nep-dcm New Economics Papers
on Discrete Choice Models
Issue of 2012‒05‒02
five papers chosen by
Philip Yu
Hong Kong University

  1. Lower-order logsums By André De Palma; Karim Kilani
  2. Inferred vs Stated Attribute Non-Attendance in Choice Experiments: A Study of Doctors' Prescription Behaviour By Arne Risa Hole; Julie Riise Kolstad; Dorte Gyrd-Hansen
  3. Offsetting versus Mitigation Activities to Reduce CO2 Emissions: A Theoretical and Empirical Analysis for the U.S. and Germany By Andreas Lange; Andreas Ziegler
  4. Existence and Magnitude of Health-related Externalities: Evidence from a Choice Experiment By Jeremiah Hurley; Emmanouil Mentzakis
  5. EDUCATION AND LABOUR MARKET OUTCOMES: EVIDENCE FROM INDIA By Geraint Johnes; A Aggarwal; R Freguglia; G Spricigo

  1. By: André De Palma (ENS Cachan - Ecole Normale Supérieure de Cachan - École normale supérieure de Cachan - ENS Cachan); Karim Kilani (LIRSA, Conservatoire National des Arts et Métiers - Conservatoire National des Arts et Métiers (CNAM))
    Abstract: The logsum formula, which provides the expected maximum utility for the multinomial logit model, is often used as a measure of welfare. We provide here a closed form formula of the welfare measure of an individual who has not access to his first-best choice, but has access to his rth-best choice, r = 2, ...n, where n is the number of alternatives. The derivation is based on a standard identity in order statistics.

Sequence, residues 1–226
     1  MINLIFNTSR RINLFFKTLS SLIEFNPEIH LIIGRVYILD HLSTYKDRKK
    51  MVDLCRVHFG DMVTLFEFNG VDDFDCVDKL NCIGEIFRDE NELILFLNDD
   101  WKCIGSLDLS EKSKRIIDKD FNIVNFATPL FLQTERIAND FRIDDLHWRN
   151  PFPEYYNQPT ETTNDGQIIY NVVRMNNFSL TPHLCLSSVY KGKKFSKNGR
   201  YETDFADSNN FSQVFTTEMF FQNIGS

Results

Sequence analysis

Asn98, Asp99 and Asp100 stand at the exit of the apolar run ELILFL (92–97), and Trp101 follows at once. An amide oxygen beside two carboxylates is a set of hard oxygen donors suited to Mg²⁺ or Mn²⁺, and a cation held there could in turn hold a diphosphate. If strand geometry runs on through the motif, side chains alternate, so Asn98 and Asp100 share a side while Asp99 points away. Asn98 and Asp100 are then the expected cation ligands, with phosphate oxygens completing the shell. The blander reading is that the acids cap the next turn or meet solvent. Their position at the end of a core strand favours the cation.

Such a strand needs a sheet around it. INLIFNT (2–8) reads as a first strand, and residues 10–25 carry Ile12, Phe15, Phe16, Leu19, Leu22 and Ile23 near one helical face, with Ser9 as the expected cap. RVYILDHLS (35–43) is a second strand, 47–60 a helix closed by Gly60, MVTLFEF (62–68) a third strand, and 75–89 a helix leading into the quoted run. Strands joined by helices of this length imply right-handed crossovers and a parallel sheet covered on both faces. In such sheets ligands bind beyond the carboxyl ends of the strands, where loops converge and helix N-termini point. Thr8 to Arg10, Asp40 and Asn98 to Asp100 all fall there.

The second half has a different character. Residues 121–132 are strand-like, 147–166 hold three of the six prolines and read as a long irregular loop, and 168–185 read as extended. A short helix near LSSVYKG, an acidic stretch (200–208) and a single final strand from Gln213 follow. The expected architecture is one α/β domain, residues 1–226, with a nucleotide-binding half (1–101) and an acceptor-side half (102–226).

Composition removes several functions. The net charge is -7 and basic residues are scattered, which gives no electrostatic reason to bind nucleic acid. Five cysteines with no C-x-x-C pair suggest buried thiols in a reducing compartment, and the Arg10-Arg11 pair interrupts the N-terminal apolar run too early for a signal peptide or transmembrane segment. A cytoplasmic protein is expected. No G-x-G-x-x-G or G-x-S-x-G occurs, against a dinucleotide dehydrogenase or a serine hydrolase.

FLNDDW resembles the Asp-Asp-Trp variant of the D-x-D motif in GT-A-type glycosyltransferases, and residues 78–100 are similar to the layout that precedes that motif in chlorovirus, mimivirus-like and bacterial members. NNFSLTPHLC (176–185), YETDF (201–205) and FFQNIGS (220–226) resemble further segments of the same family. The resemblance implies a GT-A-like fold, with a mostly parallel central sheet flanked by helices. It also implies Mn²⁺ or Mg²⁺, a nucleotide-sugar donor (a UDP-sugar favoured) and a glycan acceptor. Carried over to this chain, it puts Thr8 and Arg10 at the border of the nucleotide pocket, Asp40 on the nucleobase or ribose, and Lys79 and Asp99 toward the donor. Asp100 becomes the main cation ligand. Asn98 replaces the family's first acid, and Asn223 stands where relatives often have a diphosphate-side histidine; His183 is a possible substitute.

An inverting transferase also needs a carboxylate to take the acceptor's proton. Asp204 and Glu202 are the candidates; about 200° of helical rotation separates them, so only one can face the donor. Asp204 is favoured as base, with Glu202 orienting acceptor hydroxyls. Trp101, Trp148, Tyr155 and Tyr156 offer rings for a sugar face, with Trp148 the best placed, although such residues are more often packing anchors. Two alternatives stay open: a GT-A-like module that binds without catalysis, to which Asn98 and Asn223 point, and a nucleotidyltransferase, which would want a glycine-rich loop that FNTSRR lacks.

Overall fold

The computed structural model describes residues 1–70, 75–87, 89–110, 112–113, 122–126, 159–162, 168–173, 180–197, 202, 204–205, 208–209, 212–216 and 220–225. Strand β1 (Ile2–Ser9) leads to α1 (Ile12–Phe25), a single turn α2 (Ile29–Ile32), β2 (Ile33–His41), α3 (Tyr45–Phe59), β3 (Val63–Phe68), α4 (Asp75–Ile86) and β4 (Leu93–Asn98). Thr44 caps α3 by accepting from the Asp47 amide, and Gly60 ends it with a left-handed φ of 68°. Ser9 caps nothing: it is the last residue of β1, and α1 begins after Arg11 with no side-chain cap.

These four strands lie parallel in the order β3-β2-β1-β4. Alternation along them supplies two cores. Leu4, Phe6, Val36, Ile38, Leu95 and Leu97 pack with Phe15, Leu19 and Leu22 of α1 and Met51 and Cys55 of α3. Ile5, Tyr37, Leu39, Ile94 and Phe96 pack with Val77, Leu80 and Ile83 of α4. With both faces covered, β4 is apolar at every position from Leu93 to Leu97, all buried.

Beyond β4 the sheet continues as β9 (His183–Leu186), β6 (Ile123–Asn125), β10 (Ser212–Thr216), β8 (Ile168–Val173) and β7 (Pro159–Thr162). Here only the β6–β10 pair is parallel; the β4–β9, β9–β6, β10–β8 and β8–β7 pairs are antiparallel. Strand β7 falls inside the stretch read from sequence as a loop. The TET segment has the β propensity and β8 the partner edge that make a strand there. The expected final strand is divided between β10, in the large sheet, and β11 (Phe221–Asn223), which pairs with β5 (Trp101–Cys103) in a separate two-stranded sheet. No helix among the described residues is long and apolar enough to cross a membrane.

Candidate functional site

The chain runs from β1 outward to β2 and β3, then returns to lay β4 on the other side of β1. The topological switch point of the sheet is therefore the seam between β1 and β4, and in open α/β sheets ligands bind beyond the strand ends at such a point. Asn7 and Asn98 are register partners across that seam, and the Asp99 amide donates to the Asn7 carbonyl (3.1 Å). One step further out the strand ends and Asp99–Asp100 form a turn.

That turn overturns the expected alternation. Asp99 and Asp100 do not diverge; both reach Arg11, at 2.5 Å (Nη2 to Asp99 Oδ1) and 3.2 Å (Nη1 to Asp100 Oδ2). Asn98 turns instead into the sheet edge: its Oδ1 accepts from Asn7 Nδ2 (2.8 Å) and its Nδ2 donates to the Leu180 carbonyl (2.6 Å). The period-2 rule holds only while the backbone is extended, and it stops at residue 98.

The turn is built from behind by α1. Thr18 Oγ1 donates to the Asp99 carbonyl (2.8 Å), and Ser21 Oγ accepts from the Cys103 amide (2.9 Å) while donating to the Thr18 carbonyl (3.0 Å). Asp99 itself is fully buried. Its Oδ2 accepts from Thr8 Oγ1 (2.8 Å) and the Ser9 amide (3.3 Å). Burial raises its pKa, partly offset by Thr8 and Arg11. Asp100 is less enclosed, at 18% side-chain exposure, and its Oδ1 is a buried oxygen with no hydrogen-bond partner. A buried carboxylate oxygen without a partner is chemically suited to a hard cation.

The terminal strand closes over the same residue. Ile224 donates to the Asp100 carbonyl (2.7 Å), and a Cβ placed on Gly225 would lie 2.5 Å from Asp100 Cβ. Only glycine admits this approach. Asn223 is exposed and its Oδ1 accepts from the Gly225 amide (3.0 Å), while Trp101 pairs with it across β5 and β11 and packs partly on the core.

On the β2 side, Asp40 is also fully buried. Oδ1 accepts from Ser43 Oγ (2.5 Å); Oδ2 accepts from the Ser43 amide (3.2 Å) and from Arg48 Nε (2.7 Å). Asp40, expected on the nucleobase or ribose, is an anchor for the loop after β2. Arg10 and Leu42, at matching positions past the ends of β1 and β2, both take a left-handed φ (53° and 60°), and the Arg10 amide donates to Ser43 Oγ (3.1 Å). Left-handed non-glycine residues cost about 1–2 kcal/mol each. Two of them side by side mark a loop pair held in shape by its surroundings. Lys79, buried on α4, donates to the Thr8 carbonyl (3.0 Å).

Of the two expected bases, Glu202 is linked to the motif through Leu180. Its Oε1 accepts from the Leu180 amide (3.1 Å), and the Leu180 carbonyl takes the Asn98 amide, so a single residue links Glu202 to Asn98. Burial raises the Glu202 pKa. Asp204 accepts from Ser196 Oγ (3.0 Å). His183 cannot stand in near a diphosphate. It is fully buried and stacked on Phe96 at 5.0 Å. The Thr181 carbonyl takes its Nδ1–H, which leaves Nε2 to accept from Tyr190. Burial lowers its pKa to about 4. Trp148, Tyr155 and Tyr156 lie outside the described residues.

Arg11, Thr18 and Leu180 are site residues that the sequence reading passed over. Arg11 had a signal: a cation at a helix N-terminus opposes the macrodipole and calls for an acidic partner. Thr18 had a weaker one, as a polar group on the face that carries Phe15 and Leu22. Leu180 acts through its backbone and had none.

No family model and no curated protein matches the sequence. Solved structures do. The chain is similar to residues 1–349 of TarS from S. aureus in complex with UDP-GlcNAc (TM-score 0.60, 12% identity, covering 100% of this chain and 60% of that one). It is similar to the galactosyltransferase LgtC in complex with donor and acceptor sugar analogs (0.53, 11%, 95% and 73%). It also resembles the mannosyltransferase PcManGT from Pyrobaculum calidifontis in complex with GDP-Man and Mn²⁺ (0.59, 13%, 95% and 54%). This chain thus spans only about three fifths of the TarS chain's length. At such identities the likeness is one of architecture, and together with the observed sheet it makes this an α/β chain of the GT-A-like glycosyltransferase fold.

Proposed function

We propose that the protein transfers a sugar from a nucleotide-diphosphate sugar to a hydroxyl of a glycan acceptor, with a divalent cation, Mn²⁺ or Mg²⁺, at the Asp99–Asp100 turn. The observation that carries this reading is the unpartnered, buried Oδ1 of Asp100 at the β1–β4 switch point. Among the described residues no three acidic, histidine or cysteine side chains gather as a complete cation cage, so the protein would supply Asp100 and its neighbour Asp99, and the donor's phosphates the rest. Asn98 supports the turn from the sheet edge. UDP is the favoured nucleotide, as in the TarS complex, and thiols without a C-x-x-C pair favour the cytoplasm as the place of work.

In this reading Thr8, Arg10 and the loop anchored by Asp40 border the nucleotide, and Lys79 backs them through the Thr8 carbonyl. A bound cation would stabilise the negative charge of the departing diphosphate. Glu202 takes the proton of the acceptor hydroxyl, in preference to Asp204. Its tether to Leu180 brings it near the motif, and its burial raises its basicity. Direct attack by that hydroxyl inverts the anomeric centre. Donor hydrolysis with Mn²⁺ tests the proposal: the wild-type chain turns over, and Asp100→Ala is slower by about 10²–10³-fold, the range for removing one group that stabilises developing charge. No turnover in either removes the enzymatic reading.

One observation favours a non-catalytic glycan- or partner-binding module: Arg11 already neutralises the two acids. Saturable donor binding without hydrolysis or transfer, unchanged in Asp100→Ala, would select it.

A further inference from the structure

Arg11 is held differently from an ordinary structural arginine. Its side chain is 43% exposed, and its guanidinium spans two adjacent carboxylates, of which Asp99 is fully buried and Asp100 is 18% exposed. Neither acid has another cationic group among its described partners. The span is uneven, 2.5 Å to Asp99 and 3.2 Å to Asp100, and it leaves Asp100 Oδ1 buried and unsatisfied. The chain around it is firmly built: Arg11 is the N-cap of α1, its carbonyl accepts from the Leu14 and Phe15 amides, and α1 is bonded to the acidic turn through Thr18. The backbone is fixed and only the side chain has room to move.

Keywords: Discrete choice models; Gumbel distribution; Logit; Logsum; Order statistics
    Date: 2012–04–23
  2. By: Arne Risa Hole (Department of Economics, The University of Sheffield); Julie Riise Kolstad (UNI Rokkan Centre, University of Bergen); Dorte Gyrd-Hansen (Health Economics Research Unit, University of Southern Denmark)
    Abstract: It is increasingly recognised that respondents to choice experiments employ heuristics such as attribute non-attendance (ANA) to simplify the choice tasks. This paper develops an econometric model which incorporates preference heterogeneity among respondents with different attribute processing strategies and allows the ANA probabilities to depend on the respondents' stated non-attendance. We find evidence that stated ANA is a useful indicator of the prevalence of nonattendance in the data. Contrary to previous papers in the literature we find that willingness to pay estimates derived from models which account for ANA are similar to the standard logit estimates.
    Keywords: choice experiment; attribute non-attendance
    JEL: C25 I10
    Date: 2012
  3. By: Andreas Lange (University of Hamburg); Andreas Ziegler (University of Kassel)